How World Vision is Preparing for Humanitarian Crisis in Mosul

Debaga camp in northern Iraq is home to families displaced by violence in Mosul
Debaga camp in northern Iraq is home to families displaced by violence in Mosul. CREDIT: Chris Weeks / World Vision

In 2014, conflict erupted in northern Iraq and ISIS took control of much of the northern province of Ninewa.

Now, opposing military action is moving northward toward Ninewa’s provincial capital of Mosul, Iraq’s second largest city with a metropolitan area of some 1.5 million people. Experts are predicting that between half a million and one million people could be forced to flee their homes as a result of this military action.  This crisis could require one the largest humanitarian response in the world this year.

World Vision has been working in northern Iraq since 2014 and is working with other humanitarian groups to prepare for this potential additional crisis.

At the same time, the nearest camps, those bordering northern Iraq near the Kurdish Region of Iraq (KRI), are close to full capacity and may not be able to handle such a large influx of people at once.

As a result, World Vision and other NGOs were asked to prepare for a potential influx of up to a million new people in need of humanitarian assistance.

Most of these survivors will flee at great risk from the conflict areas with little or nothing. These families will need the basics to survive: food, clean water, appropriate shelter and sanitation and hygiene systems (toilets, showers and garbage removal).

They will need clothing and shelter and heating to protect them from northern Iraq’s freezing winters as many will only have the clothes on their backs.

They will need medical care for injuries as well as conditions that will likely range from malnutrition and dehydration to chronic conditions like diabetes. Because of the extreme violence and destruction they’ve witnessed and experienced, many children and adults will need psychosocial support to help them process and heal.

The humanitarian community at large is planning to open new camps to the north, east and south of Mosul. Here’s how World Vision is preparing:


  • World Vision is already providing food or ways to purchase food locally to some 400,000 people through a partnership with the World Food Program and plans to expand its existing food programs into new regions in northern Ninewa, Dohuk and Erbil as more people begin to move into these regions.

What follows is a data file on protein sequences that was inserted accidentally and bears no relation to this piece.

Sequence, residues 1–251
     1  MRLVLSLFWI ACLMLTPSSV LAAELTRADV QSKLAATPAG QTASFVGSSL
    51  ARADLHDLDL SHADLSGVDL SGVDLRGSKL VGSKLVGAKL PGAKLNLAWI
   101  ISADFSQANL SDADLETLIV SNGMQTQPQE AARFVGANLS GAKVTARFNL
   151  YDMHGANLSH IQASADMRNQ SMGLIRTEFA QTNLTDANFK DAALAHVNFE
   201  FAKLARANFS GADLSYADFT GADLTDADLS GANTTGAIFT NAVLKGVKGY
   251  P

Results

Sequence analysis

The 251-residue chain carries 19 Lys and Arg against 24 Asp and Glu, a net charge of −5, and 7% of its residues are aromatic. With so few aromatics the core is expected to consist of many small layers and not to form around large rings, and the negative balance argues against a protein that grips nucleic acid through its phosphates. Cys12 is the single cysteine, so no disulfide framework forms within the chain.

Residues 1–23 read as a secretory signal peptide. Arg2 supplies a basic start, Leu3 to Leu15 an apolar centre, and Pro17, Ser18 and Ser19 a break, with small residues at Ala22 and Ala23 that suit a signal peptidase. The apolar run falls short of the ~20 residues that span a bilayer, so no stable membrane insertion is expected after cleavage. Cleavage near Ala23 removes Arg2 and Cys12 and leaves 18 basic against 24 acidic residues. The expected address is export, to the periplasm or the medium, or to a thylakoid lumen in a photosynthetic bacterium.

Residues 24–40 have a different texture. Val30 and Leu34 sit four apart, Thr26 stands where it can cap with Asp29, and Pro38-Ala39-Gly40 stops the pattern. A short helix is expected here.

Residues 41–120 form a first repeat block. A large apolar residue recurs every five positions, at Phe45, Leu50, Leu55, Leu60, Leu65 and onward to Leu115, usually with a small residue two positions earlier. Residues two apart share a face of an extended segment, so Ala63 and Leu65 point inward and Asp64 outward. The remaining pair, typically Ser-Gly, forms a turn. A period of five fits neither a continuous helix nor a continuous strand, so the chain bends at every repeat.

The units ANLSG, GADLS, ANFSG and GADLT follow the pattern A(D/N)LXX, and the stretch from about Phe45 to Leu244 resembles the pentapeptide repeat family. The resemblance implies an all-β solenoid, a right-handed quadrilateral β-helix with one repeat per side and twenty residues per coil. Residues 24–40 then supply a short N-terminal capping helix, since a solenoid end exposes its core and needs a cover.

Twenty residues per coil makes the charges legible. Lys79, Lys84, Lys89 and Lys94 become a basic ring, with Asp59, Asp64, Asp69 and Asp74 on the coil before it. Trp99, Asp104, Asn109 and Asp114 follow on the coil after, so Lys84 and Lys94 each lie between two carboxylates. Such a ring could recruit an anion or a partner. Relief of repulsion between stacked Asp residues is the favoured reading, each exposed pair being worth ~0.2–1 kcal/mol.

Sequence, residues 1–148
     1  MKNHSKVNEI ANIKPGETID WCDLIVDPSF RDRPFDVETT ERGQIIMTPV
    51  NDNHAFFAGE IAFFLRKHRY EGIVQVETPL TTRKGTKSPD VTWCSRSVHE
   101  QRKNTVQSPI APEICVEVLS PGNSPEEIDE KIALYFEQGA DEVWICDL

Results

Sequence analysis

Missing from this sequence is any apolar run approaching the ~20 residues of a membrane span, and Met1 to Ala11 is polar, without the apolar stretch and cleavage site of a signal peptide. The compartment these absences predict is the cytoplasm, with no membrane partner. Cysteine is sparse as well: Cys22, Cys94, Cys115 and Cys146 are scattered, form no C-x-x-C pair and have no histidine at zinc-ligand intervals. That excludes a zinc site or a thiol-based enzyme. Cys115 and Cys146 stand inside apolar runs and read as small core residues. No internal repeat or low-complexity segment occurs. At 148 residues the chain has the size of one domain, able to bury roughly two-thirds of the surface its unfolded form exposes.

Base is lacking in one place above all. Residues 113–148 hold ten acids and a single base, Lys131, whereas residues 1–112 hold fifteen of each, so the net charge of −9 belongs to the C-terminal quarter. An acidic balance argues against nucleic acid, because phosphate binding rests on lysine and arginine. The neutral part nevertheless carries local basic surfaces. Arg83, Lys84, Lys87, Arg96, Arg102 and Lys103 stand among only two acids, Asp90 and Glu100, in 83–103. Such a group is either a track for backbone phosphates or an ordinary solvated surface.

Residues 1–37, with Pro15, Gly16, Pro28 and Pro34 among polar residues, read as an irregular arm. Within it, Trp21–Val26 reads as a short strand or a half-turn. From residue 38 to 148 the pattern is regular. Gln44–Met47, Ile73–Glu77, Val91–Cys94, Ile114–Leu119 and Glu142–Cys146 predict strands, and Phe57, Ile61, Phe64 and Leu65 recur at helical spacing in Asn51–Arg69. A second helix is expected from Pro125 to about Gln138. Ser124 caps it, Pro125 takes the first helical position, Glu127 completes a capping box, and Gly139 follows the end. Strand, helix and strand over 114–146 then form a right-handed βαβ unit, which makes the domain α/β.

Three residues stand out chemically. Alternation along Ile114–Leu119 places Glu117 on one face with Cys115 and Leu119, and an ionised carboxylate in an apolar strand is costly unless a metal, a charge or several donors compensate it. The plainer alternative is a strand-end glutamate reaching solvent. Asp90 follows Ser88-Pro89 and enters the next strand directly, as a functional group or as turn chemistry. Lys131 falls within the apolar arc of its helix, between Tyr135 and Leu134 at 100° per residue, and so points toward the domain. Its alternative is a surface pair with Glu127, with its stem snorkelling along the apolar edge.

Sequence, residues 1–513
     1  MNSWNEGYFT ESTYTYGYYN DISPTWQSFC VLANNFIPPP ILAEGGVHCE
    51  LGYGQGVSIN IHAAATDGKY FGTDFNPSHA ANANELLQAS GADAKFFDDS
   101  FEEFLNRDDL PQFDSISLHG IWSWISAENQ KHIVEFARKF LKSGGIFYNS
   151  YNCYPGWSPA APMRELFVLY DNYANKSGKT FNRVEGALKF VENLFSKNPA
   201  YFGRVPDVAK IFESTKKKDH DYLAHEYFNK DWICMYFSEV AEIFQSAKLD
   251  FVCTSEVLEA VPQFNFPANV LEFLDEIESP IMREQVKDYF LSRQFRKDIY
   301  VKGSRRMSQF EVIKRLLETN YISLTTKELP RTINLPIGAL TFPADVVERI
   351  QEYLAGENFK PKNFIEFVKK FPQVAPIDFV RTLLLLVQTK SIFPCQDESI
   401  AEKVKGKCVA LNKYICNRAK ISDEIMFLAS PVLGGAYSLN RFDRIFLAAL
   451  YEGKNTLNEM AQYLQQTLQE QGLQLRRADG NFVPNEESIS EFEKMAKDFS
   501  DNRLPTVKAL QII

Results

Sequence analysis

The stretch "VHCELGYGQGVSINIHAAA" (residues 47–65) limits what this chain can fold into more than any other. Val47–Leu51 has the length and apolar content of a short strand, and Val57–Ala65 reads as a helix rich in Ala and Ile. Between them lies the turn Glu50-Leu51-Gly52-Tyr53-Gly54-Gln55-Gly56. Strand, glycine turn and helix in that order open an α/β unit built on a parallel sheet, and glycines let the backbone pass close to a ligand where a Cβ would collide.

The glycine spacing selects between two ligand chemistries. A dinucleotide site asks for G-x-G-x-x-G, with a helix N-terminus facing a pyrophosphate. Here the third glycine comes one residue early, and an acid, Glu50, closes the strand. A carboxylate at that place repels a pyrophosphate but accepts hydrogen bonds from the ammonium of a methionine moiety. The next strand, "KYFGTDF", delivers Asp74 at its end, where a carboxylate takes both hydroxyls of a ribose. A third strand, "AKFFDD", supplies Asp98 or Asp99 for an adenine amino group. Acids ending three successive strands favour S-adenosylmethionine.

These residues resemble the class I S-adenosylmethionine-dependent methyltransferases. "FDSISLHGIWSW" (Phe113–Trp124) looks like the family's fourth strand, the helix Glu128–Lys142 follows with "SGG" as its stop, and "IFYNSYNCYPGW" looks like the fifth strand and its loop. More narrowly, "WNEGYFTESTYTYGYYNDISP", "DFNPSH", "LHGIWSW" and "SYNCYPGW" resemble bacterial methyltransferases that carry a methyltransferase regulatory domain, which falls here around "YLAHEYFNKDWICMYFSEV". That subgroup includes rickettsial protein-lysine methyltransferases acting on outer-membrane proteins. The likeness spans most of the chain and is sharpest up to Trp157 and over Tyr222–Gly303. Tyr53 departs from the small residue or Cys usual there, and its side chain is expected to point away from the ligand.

• World Vision is already providing clean water and is planning to expand that service into three new camps, Amalla, Debaga and Zelkan. World Vision expects to reach more than 24,000 people with clean water in this expanded effort.
  • World Vision is already providing cleaning services to toilet facilities and will expand those services into Zelkan and Amalla camps.


  • With winter coming, and brutal weather ahead for northern Iraq, World Vision will be distributing thermal blankets, plastic tarpaulin, shelter insulation, heating fuel and winter clothing.


  • World Vision is providing a Child Friendly Space in Berseve camp and will provide additional facilities in new camps including Zelkan and Debaga
  • World Vision’s Mobile Library and will expand its services to Zelekan and Debaga camps as well as designated sites around key cities.


  • World Vision is providing and equipping mobile as well as stationary health clinics and plans to provide three additional clinics in Zumar, Makhmour/Debaga and Kalak camps.


  • World Vision is working alongside local governments to register newly displaced individuals and families to ensure that they are receiving appropriate and coordinated services.  World Vision will continue to provide a mobile electronic registration system to aid local government agency coordination and planning.


About World Vision:
World Vision is a Christian humanitarian organization conducting relief, development, and advocacy activities in its work with children, families, and their communities in nearly 100 countries to help them reach their full potential by tackling the causes of poverty and injustice. World Vision serves all people regardless of religion, race, ethnicity, or gender. For more information, please visit or follow us on Twitter @WorldVisionNews.